Cholestrol

Triglycerides Test

Triglycerides test helps to measure the level of triglycerides in the blood. Increased triglyceride levels are found in your blood after you eat. This is because, the body converts the unused energy into fat. This blood tests are done to identify the risk of heart disease. Certain factors contribute to elevated triglycerides and the risk of cardio vascular disease, including being overweight, consuming excess alcohol, lack of exercise, smoking cigarettes, and also medical conditions like kidney disease and diabetes.

When is the test ordered?

It is recommended for every five years to know the risk of heart disease in adults. Often test for triglycerides is not ordered alone, as heart disease is also associated with cholesterol levels.

This test is ordered for people who have been identified with risk factors of heart disease, who are with high levels of triglycerides and are undergoing treatment for it, in order to monitor treatment. For adolescents and children at low risk, usually triglyceride testing is not ordered routinely.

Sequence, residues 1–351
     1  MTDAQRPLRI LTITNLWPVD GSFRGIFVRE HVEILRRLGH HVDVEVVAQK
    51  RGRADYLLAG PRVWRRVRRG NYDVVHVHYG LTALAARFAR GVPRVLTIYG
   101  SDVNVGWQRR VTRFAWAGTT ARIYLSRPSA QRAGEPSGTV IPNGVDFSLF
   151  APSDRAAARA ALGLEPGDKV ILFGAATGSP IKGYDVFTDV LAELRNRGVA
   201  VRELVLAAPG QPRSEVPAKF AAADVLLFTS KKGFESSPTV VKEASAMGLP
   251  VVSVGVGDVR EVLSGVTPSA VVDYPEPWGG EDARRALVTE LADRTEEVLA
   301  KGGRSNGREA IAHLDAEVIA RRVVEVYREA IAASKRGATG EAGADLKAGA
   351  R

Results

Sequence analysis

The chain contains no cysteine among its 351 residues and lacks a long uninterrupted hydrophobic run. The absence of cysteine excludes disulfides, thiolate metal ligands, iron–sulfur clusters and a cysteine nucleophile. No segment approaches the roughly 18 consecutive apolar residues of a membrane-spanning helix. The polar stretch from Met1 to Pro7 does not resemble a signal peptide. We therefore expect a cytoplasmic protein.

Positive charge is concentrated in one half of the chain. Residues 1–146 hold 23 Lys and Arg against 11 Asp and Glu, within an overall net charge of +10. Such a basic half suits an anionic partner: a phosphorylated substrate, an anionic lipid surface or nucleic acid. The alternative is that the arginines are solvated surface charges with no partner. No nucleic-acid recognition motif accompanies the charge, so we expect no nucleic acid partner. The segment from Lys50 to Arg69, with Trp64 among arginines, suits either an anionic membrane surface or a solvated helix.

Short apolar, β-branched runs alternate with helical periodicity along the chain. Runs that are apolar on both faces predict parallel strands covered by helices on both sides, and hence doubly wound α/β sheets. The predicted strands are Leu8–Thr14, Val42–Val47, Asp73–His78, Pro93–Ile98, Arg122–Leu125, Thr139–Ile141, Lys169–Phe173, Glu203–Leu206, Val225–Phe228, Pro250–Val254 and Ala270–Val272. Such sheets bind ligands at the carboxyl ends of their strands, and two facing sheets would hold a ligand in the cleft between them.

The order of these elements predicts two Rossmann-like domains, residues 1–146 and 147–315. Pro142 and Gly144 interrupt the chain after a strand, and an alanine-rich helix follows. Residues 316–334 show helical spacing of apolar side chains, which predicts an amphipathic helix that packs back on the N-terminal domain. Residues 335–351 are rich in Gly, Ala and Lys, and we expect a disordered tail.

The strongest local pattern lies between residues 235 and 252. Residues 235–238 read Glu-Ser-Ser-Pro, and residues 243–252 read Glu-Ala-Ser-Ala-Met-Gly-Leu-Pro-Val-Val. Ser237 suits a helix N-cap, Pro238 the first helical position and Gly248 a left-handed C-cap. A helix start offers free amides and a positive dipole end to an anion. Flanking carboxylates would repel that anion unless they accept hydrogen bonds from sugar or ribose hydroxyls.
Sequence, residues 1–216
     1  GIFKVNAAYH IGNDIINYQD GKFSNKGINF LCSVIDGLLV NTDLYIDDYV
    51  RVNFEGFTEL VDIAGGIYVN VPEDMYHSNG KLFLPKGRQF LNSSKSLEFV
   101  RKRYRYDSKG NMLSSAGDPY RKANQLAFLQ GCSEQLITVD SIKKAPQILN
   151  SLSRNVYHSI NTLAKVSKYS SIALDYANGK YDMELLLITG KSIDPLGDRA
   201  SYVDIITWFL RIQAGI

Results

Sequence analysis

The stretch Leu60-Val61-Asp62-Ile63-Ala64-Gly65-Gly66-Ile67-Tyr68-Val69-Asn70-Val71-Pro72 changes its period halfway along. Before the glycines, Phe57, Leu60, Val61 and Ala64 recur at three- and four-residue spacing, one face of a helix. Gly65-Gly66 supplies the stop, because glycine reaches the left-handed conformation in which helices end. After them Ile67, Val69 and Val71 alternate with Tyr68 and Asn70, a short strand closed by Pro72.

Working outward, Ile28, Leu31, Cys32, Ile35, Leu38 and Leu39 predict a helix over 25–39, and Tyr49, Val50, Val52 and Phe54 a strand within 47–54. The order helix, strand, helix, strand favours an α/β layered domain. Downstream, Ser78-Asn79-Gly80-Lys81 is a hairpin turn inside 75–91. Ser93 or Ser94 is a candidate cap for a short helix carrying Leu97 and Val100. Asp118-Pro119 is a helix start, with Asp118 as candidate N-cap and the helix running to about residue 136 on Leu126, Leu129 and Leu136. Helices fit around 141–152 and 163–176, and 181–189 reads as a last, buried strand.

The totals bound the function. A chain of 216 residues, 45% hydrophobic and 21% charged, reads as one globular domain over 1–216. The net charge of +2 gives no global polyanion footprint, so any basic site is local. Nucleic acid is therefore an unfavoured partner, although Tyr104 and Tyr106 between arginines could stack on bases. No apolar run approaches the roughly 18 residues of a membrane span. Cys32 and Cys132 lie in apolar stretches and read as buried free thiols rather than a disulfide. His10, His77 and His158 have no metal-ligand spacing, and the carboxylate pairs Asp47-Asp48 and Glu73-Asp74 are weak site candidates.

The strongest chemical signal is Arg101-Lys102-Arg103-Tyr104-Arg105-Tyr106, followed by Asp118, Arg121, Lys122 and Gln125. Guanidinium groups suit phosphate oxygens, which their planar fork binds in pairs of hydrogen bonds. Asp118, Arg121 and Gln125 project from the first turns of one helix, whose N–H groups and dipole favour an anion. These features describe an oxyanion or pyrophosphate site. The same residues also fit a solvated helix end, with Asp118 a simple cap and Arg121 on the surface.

What does the test result mean?

For adults, results for triglyceride test are categorised as follows:
Values less than 150 mg/dL is to be considered normal
150 to 199 mg/dL is considered to be borderline high
200 to 499 mg/dL is considered to be high
Greater than 500 mg/dL is considered to be very high

The above values are based upon fasting triglycerides level.

High levels of triglycerides are associated with high risk of developing heart disease. There are several causes for elevated triglycerides which include:

  • Cigarette smoking
  • Being overweight, physically inactive or obese
  • Hypothyroidism
  • Increased alcohol consumption
  • Genetic factors
  • Conditions such as kidney disease or type 2 diabetes

Pancreatitis may develop if the triglycerides level is very high. Treatment to lower their levels should begin as soon as possible, as it may result in several problems. The categories for results of triglycerides for adolescents and children are different from the results of adults. Consult your child’s pediatrician and talk about your child’s results.

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